As the seawater temperatures reach 70 degrees around Memorial Day, the fishing heats up, too. Coastal boat ramps get crowded, with the N.C. Wildlife Resources Commission’s Wrightsville Beach Boating Access Area among those that receive the highest traffic.
“We want to start early to beat the crowd,” said Capt. Guion Lee, a 40-year old charter captain who operates Green Creek Outfitters and Guide Service. “The reefs and ledges can get just as crowded.”
Lee lives in Wilmington, but also has a house on Green Creek in Oriental, where he catches giant red drum and tarpon in the heat of summer. In winter, he guides duck hunters on Pamlico Sound. In spring and early summer, he stakes his reputation on catching inshore and near shore fish, especially flounder.
“I enjoy fishing near shore ledges and artificial reefs from Masonboro Inlet to Topsail Island,” he said. “They have lots of structure and hard structure attracts flounder.”
He nosed his 22-foot C-Hawk boat through the rolling waves of Masonboro Inlet. A short ride later, he was just offshore of Figure Eight Island, staring at his GPS unit. Soon, he was hovering above the sweet spot he was looking for. Motoring slowly up wind, he dropped anchor and tied the line to a cleat.
“When I fish for flounder, I find little places no one else knows that don’t get as much fishing pressure,” he said. “This little bit of structure drops from 37 to 41 feet.”
As the anchor line came taut, he continued staring at the screen. Dashed lines from previous navigation courses centering the same spot proved he anchored perfectly.
“The flounder are mostly on the deep side of the structure,” he said. “If you hit the structure, which might be a rock, train car, ship or concrete rubble, your jig will hang up and the leader may cut. Jigs are expensive. You are going to lose a few, but you don’t want to lose too many.”
Threading a Berkley Gulp Shrimp, which is an enzyme-impregnated soft plastic lure, onto the hook of a 2-ounce bucktail jig, Lee dropped it into the water by flipping the bail of a spinning reel. When the jig hit the bottom, he felt the line go slack. Then he reeled it up one turn of the handle.
“Some people hop a jig high,” he said. “But I just bump it up and down, only lifting it a couple of inches. It’s like bouncing a basketball. The flounder just laying there, waiting. You almost have to hit him between the eyes it to get his attention, then he swims over to eat it.”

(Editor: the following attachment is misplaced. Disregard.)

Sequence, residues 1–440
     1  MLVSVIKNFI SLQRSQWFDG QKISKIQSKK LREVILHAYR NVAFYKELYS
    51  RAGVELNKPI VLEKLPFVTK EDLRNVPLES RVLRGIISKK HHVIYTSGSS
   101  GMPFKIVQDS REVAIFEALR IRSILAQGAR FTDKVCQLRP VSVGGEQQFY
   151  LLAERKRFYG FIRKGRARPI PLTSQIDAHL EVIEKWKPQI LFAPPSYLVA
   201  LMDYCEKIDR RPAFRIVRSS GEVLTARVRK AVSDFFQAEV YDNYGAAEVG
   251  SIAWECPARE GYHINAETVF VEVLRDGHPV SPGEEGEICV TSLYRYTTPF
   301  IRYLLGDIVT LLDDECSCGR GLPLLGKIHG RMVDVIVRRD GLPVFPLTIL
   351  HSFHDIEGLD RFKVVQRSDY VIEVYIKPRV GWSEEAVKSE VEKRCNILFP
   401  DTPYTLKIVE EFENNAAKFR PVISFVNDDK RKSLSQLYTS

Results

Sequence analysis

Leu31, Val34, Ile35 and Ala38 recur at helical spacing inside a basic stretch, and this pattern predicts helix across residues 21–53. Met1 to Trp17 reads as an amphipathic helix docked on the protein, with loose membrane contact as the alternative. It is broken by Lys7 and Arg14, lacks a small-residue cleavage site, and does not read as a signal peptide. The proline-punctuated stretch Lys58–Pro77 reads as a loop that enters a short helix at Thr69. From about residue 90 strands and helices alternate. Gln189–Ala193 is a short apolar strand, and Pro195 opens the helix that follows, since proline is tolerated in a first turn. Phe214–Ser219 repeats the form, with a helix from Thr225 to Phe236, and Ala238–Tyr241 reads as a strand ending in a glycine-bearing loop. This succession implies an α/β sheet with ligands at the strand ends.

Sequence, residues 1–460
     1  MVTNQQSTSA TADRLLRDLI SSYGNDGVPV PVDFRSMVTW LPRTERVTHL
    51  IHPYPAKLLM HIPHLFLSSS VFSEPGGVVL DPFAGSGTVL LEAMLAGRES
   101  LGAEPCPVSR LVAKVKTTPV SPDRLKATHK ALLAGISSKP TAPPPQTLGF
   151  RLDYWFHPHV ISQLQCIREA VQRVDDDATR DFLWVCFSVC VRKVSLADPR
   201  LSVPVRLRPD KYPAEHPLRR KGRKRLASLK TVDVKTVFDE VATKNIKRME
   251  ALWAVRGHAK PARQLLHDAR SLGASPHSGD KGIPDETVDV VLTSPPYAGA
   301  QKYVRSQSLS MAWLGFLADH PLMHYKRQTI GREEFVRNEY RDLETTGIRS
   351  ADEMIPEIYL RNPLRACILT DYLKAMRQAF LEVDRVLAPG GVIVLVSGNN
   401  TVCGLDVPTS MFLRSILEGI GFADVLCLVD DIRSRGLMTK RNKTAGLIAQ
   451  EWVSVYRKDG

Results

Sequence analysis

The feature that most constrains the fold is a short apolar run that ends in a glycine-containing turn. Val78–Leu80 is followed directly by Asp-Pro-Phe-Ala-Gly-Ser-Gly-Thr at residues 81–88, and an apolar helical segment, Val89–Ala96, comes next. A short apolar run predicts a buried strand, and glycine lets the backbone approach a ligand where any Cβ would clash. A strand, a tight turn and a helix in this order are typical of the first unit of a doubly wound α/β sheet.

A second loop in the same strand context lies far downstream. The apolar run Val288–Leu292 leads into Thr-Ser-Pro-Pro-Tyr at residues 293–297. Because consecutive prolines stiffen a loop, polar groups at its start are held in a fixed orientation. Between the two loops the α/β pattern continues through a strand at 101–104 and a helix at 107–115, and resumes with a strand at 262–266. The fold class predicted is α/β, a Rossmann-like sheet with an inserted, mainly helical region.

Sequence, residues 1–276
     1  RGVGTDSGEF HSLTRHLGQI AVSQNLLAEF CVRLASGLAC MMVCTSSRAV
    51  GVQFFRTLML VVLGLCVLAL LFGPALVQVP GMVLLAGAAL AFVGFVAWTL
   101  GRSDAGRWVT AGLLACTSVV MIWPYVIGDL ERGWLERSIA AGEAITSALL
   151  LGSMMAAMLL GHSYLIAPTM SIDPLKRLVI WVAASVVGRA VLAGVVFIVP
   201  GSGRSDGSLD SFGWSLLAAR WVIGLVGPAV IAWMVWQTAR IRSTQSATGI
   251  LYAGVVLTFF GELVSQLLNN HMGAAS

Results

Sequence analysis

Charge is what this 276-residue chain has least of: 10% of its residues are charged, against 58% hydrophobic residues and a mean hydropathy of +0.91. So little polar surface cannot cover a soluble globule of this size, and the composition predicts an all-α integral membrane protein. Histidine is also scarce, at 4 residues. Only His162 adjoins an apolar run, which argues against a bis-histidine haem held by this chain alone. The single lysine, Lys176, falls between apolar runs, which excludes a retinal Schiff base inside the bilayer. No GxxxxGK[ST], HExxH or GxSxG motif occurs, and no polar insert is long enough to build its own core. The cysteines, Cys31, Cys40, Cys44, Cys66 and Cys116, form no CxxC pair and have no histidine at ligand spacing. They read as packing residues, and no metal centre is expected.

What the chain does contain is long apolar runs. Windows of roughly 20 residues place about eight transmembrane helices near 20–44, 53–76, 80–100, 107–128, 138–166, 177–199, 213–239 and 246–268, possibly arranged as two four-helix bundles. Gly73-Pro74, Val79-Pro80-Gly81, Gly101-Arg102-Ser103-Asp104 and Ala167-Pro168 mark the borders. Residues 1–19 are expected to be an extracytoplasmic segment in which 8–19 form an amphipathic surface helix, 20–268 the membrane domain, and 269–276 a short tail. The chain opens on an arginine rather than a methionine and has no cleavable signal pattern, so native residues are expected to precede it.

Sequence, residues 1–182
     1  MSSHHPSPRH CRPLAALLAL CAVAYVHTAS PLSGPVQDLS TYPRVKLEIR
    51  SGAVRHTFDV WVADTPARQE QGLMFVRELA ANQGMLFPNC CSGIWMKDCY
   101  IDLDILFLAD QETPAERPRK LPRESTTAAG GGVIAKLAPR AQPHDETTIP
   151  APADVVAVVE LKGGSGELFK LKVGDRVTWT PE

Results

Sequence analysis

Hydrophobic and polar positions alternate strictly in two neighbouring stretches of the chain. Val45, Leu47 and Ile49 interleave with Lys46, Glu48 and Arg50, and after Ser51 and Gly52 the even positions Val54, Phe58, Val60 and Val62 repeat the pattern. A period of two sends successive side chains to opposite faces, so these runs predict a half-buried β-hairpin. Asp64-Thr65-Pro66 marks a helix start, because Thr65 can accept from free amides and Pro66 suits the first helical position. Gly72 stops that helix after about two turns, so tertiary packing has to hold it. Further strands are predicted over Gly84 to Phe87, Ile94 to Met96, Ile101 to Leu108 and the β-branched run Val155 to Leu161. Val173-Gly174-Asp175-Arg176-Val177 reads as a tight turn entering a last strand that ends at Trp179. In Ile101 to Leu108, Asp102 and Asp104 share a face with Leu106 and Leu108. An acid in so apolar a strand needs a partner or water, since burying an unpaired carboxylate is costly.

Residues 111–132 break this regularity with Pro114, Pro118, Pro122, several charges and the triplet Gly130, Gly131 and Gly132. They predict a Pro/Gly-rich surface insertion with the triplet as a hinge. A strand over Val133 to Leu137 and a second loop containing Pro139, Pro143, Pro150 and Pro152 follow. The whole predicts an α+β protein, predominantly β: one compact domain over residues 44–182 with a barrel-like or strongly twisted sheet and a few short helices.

Within a couple of casts, a flounder struck. However, it was too short to keep. The recreational size limit for flounder is 15 inches and the creel limit is four. After catching a couple of other undersized fish, Lee set the hook into something big.
“It’s a big flounder,” he said. “When a big one hits, it feels like dropped your jig into a black hole that won’t let go.”
Lee used a landing net to bring the fish onboard. Although he was hoping the fish would be citation sized, it weighed about three pounds. Anyone who catches a flounder that weighs at least five pounds is eligible to receive a citation from the N.C. Division of Marine Fisheries Saltwater Tournament. The angler must weigh the fish on certified scales, complete a form and send it to the Division. The award certificate has a color rendition of the fish and is worthy of framing.
He went back to fishing and caught another undersized fish. The bite became nonexistent, so he moved to another spot.
“I have three small pieces of structure marked about 100 yards apart,” he said. “After I fish one spot for an hour to make sure I have caught the fish that are biting at one of them, I move to another spot.”
Lee found another piece of structure with his GPS unit. This time, he motored upwind and dropped down his jig before he anchored the boat. Drifting along, he caught an undersized fish and released it. He also caught another three-pounder. Then his jig snagged the structure. Reversing the engine, he backed the boat directly over the lure and pulled it free.
He resumed drifting and the jig snagged again. This time, he brought up a piece of coral about a foot in diameter.
“That tells you this is a natural ledge,” he said. “Natural ledges are more difficult to find than man-made structures, which have higher relief. But, they can hold more flounder because they are not as easy for anglers to find.”